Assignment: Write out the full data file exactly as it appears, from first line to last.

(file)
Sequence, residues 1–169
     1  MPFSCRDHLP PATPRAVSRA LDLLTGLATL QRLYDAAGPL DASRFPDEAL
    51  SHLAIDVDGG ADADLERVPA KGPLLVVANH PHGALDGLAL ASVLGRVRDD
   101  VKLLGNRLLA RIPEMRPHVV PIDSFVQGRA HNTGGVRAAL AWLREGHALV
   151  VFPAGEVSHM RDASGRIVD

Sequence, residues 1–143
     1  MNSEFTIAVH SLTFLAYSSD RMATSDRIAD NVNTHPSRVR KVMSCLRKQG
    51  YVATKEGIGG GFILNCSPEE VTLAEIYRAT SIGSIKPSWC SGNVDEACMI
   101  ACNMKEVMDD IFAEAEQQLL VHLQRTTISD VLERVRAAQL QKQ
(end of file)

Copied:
Sequence, residues 1–169
     1  MPFSCRDHLP PATPRAVSRA LDLLTGLATL QRLYDAAGPL DASRFPDEAL
    51  SHLAIDVDGG ADADLERVPA KGPLLVVANH PHGALDGLAL ASVLGRVRDD
   101  VKLLGNRLLA RIPEMRPHVV PIDSFVQGRA HNTGGVRAAL AWLREGHALV
   151  VFPAGEVSHM RDASGRIVD

Sequence, residues 1–143
     1  MNSEFTIAVH SLTFLAYSSD RMATSDRIAD NVNTHPSRVR KVMSCLRKQG
    51  YVATKEGIGG GFILNCSPEE VTLAEIYRAT SIGSIKPSWC SGNVDEACMI
   101  ACNMKEVMDD IFAEAEQQLL VHLQRTTISD VLERVRAAQL QKQ